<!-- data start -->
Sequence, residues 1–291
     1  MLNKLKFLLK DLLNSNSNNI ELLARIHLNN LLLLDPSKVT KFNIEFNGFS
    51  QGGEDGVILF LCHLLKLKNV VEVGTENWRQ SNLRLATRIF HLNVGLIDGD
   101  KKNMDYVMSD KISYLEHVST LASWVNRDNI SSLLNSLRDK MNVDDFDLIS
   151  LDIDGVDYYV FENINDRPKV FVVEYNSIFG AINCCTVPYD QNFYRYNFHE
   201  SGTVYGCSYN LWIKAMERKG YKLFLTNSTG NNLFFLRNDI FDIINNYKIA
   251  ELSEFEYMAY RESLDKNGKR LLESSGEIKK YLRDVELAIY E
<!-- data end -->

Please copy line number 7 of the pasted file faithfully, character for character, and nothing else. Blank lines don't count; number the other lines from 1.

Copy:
   251  ELSEFEYMAY RESLDKNGKR LLESSGEIKK YLRDVELAIY E